MINNESOTA: The Minnesota Supreme Court will hear arguments Nov. 2 on a constitutional challenge to former President Donald Trump’s presence on the 2024 ballot. A group led by former Secretary of State Joan Growe (D) argues Trump should be banned from the ballot over the Jan. 6 riot at the U.S. Capitol. (Minneapolis Star Tribune)

Advocates in dozens of states have raised the 14th Amendment as a way to bar Trump from the ballot, but this is the first time the legal theory has gotten a day in an actual court.

OHIO: Ohio’s redistricting commission opted to adopt Republican-drawn legislative district maps on Wednesday over objections from Democratic members of the panel. The new maps would create 62 Republican-leaning seats and 37 Democratic-leaning seats in the House, and a 23-10 Republican majority in the Senate. The commission will hold public hearings before formally adopting the maps. (Ohio Capital Journal)

Republicans currently hold 67 of 99 seats in the House and 26 of 33 seats in the Senate.

WISCONSIN: A bipartisan group of legislators introduced a bill to implement ranked-choice voting and to create nonpartisan primaries in U.S. House and Senate contests. The top five finishers in primaries would advance to the general election. A previous version of the bill stalled in the state Senate in 2021. (Associated Press, Milwaukee Journal Sentinel)

NEW HAMPSHIRE: Former state Rep. Troy Merner (R) is under investigation for allegedly living outside the district he represented until his resignation on Tuesday. Merner, who won election to four terms representing Lancaster, allegedly lives about 15 miles away from his district, according to the state Attorney General’s office. (Boston Globe)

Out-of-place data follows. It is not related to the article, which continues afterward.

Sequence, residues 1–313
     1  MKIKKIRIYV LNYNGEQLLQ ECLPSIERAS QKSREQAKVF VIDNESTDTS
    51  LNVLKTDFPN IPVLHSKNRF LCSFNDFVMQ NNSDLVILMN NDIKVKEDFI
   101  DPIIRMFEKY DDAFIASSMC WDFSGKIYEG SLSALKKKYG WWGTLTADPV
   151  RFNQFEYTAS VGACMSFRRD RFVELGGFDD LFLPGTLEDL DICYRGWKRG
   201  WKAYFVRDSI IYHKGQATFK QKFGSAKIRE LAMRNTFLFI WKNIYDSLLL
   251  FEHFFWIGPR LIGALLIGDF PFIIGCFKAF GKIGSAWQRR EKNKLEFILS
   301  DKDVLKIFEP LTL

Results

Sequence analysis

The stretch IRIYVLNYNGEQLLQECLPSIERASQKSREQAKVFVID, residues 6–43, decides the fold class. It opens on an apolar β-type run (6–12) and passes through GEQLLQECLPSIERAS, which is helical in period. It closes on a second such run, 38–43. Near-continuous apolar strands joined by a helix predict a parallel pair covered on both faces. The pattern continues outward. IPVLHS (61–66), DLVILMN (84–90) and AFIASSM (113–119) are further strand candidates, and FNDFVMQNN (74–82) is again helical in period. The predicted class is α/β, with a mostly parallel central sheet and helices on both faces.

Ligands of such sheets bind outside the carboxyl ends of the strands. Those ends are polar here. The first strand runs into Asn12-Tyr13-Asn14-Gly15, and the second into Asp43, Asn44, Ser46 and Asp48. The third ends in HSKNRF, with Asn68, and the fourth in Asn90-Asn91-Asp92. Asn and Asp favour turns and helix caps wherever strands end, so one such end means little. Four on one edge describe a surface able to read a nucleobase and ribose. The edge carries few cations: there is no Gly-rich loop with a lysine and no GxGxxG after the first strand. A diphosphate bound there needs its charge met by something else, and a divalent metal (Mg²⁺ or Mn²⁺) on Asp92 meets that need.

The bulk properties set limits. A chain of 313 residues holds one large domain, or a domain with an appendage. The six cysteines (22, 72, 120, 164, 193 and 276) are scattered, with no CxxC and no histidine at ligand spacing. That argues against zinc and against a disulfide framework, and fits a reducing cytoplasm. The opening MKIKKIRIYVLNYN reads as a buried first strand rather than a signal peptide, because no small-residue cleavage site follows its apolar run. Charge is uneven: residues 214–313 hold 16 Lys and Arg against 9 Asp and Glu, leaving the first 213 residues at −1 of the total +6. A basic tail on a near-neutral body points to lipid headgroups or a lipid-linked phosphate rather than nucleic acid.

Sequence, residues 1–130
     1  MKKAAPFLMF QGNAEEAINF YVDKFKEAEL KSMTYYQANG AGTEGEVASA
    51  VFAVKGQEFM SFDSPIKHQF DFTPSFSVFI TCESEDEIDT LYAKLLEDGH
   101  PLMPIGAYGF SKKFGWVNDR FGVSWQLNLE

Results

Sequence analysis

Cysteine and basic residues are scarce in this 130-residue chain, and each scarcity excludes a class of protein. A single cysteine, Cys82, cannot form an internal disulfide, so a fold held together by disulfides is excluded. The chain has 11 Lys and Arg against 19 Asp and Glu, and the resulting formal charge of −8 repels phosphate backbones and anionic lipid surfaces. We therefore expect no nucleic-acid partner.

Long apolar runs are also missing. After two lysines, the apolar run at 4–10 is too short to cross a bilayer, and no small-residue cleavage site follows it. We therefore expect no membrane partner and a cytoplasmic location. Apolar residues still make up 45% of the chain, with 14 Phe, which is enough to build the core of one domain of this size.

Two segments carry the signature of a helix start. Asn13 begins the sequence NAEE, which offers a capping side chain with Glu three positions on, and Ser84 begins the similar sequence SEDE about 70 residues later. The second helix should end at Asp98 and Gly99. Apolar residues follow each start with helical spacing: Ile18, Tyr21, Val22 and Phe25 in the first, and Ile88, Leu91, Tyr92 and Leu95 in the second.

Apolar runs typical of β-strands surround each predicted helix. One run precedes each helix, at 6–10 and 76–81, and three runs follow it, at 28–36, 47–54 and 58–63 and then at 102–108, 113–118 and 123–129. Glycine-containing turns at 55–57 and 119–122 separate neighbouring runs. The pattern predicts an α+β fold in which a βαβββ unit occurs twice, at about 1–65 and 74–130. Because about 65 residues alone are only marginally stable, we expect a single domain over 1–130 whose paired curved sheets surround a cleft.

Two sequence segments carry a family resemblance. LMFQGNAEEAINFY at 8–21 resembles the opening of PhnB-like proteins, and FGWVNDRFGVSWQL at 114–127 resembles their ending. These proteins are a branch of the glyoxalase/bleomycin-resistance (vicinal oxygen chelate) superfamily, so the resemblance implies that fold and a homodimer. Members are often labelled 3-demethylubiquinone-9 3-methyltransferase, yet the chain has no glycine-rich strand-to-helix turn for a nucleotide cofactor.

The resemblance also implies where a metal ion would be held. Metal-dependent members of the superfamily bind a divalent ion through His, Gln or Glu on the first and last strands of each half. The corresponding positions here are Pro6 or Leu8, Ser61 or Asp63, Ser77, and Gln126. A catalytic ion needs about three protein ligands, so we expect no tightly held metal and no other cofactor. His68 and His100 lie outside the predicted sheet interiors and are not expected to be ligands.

PEOPLE: Colorado Sen. Faith Winter (D), the third-ranking leader in the Senate, is recovering after a bike crash on Tuesday that required surgery to relieve pressure on her brain. Friends and family said she had a good prognosis. (Denver Post) Our best wishes for a speedy recovery.

By The Numbers

$759 million: The amount visitors to Grand Canyon National Park spent at so-called “gateway” communities around the park’s entrance in northern Arizona in 2022, up $49 million from 2021, according to the National Park Service. Spending is still $200 million below the record set in 2018. (Arizona Republic) Arizona Gov. Katie Hobbs (D) said the state will fund continued operations at the park in the event of a federal government shutdown. (Arizona Republic)

$3.5 billion: The amount Colorado will refund taxpayers through its TABOR rebate program, one of the largest returns ever because of bumper revenues. Colorado voters approved the Taxpayer Bill of Rights in 1992, requiring the state to refund surpluses over a certain revenue threshold. (Colorado Public Radio)

$19,029.25: The amount the Arkansas Republican Party reimbursed the state governor’s office for a new podium, according to campaign filings. Gov. Sarah Huckabee Sanders (R) uses the podium for official events. (Arkansas Democrat Gazette) Sanders’s office said the reimbursement saved taxpayers money.

Off The Wall

Iowa Treasurer Roby Smith (R) auctioned off an unclaimed Michael Jordan rookie card that sat in a safe deposit box for years. The card, rated in near mint condition by a sports collectible authenticator company, earned the state $5,400. (Center Square)

Headline/nightmare of the day: “Woman rescued from muck inside Otsego County outhouse after trying to find her Apple Watch.” (Detroit Free Press)

Quote of the Day

“I feel there were six senators who were ready to be the 21st vote. But they didn’t want to be the 20th vote.”

Texas Sen. Nathan Johnson (D), on Republicans who might have been the deciding vote in the impeachment trial against Attorney General Ken Paxton (R). Paxton was acquitted on all charges; just two Republicans voted to convict on any of the charges against Paxton. Don’t miss the Texas Tribune’s deep dive into how the vote went down.